The direct costs associated with fatalities and injuries are manifold. At the macro-level, there are financial costs to the State, such as health and social care costs, the costs to the criminal justice and penal systems, and the economic impact of lost productivity. Furthermore, the perception that a country or region is unsafe because of armed violence also has a significant impact on investments, tourism and other business sectors.
The negative impact of violence and insecurity on tourism and travel has been estimated at USD 2.7 billion in losses over the first six months of 2014 in Thailand and USD 2.5 billion from 2011 to 2013 in Egypt ( Geneva Declaration on Armed Violence and Development, 2015). Specific examples include the terrorist attack on the beaches of Tunisia in 2015, in which a firearm was used to murder 38 tourists. The decrease in tourism significantly affected the country 's finances in the aftermath of the attack due to the significant percentage contribution of this industry to the GDP of the country. Accordingly, there was a reduction in economic growth for the country from 3% to 0.5% that year (Kim, 2015). The costs following the Paris attacks in 2015 in which 130 people lost their lives, most of whom were killed by firearms, was measured not only in terms of the impact on the tourist industry, but also in terms of the increased investment in security, as well as the health and social care costs ( Walker, 2015).
At the meso-level, there are costs to communities, both in terms of financial costs, and the impact on feelings of safety and security, and costs to other organizations such as insurance companies. In the case of the terrorist attacks noted above, there were also costs to local businesses including restaurants and hotels. Many businesses were forced to close due to the loss of income following these events.
McCollister et al. (2010: 1) outline the costs of violent crime in the US, estimating an overall financial cost of $194 billion:
"Crime generates substantial costs to society at individual, community, and national levels. In the United States, more than 23 million criminal offenses were committed in 2007, resulting in approximately $15 billion in economic losses to the victims and $179 billion in government expenditures on police protection, judicial and legal activities, and corrections. Programs that directly or indirectly prevent crime can therefore generate substantial economic benefits by reducing crime-related costs incurred by victims, communities, and the criminal justice system."
Finally, at the micro-level, there is impact resulting from the personal tragedies behind each statistic: from the emotional and financial impact on bereaved families to the psychosocial impact for those left with life-changing injuries. One example of this is the impact that violent crime has on child witnesses. Collins and Swoveland (2014) note the emotional effects of stress experienced by children and young people from trauma arising from exposure to violence, and how their emotions may be internalized and lead to later aggression and further violence. Hence, such exposure can have lifelong effects with generational consequences and so a long-term approach to dealing with these issues is therefore paramount.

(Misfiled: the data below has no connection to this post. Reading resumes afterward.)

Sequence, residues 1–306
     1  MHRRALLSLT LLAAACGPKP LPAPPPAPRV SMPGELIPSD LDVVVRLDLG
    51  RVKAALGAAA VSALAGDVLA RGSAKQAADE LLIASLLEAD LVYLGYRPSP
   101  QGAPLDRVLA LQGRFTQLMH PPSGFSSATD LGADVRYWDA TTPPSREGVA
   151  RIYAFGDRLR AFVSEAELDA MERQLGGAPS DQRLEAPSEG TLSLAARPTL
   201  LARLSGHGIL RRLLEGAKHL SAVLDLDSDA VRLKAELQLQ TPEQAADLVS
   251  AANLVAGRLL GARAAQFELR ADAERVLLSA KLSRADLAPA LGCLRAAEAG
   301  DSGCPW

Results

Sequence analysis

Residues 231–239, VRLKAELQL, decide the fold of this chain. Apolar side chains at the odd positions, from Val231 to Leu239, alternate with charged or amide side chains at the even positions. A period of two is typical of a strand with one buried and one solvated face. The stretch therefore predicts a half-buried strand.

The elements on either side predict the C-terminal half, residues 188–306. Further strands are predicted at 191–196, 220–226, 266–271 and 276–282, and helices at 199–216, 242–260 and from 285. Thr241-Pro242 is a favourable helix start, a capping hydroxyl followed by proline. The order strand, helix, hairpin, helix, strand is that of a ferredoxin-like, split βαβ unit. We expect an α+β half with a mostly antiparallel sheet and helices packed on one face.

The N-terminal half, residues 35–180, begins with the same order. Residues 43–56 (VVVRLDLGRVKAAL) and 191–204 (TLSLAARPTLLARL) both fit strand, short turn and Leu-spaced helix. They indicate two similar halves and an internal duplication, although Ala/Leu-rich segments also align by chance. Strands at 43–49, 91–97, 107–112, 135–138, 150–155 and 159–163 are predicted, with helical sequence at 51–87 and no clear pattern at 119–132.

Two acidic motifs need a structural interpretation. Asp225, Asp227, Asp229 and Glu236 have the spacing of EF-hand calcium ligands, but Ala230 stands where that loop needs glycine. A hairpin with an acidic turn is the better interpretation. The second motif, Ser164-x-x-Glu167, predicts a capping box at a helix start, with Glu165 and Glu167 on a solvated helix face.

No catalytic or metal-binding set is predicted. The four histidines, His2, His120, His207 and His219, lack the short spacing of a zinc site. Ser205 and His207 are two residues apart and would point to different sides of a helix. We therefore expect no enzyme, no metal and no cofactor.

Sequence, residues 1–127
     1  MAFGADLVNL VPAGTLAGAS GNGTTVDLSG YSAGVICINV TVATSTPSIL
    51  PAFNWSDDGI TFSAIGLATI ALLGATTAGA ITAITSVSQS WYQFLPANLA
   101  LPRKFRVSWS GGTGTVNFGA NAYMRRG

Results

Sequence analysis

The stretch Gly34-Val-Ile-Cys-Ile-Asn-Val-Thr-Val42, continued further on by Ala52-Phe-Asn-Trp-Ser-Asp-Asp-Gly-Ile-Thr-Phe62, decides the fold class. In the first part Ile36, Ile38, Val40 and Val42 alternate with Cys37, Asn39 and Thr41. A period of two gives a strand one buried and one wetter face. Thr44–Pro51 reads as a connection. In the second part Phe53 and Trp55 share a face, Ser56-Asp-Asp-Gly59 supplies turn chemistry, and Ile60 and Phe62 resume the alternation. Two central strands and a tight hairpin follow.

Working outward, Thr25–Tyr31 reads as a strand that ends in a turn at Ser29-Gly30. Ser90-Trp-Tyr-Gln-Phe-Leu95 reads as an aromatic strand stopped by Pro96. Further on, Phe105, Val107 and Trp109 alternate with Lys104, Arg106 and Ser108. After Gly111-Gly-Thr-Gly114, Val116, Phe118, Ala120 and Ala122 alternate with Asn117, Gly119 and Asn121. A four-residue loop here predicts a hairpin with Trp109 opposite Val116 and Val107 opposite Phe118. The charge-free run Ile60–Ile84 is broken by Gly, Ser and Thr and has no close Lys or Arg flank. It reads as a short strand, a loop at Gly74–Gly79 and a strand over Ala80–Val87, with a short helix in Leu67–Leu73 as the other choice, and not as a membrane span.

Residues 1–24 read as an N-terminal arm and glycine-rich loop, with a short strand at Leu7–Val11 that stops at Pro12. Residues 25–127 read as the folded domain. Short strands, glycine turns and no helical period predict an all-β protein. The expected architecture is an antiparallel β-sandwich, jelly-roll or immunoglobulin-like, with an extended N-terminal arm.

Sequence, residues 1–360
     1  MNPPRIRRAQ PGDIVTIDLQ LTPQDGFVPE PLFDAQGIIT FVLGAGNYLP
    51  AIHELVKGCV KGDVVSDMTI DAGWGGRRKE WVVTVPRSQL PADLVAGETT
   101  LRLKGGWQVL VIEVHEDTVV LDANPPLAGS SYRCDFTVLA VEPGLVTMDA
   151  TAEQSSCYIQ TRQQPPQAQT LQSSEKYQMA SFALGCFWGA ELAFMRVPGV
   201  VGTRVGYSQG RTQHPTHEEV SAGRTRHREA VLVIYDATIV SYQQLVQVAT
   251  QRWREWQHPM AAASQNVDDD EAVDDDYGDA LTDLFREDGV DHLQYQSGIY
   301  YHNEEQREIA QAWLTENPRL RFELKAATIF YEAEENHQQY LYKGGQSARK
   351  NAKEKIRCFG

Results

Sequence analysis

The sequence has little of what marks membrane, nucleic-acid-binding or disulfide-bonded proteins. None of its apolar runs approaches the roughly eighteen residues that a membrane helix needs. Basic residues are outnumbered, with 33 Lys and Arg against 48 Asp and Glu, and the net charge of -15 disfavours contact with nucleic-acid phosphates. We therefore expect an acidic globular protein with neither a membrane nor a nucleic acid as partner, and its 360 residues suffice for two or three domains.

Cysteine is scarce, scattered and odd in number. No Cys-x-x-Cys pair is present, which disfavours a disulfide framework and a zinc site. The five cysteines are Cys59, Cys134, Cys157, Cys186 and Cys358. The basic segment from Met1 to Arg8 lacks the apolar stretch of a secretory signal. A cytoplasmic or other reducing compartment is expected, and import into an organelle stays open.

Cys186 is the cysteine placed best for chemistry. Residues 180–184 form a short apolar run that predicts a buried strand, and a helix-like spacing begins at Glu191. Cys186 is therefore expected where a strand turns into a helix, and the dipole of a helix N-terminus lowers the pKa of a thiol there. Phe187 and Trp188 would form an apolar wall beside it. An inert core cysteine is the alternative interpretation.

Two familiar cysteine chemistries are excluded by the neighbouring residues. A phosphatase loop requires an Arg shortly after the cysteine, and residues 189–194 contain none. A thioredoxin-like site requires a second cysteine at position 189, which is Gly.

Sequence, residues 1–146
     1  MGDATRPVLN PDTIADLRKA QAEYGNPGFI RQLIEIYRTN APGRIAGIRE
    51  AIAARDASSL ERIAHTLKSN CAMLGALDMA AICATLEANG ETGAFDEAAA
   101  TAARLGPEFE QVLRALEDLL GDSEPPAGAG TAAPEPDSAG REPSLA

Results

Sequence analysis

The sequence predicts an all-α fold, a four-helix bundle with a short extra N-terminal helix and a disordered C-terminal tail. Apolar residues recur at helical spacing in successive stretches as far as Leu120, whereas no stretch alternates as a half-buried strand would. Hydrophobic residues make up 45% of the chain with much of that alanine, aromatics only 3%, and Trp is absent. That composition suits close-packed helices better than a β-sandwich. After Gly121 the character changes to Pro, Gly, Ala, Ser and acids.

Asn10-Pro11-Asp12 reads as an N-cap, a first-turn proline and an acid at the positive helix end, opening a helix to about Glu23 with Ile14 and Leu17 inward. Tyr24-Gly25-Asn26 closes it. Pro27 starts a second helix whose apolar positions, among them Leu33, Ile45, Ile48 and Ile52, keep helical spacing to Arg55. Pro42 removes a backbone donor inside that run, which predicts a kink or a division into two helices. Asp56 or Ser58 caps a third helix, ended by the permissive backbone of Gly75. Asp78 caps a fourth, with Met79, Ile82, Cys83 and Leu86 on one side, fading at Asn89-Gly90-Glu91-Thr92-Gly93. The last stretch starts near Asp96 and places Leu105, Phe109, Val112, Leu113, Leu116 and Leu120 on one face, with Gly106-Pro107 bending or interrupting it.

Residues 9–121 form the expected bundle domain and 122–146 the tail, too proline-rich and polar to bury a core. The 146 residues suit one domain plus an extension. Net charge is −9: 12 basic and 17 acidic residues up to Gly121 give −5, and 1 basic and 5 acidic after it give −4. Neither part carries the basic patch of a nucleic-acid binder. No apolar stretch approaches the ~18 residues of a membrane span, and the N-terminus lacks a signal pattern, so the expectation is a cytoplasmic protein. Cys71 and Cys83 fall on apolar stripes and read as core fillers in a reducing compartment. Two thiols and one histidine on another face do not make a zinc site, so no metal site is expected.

In 2011, the World Bank 's Annual World Development Report entitled ' Conflict, Security and Development ' addressed the human costs of the violence brought about in most cases by the widespread proliferation of weapons or 'weaponization' of societies, in or recovering from conflict. The authors note the effects of violence on human security and dignity, and freedom from violence and fear is a basic human right (The World Bank, 2011). To provide empirical evidence of the human costs, the study conducted a survey of people in seven conflict areas- Democratic Republic of Congo, Cote D'Ivoire, Mali, Sierra Leone, Gaza, West Bank and Colombia.
This study emphasizes the pain and suffering caused by violence and insecurity as well as negative impact on people 's behavior and economic activities. In conflict situations, the destruction of physical capital and infrastructure - roads, buildings, clinics, schools - and loss of human capital through displacement and migration, represent serious development costs. Even in non-conflict settings where criminal or interpersonal violence does not cause widespread physical destruction, it is important not to understate the threat to State capacity, the business environment, and social development posed by chronically high levels of violence, organized crime, and the corruption that often follows it ( Geneva Declaration on Armed Violence and Development, 2015).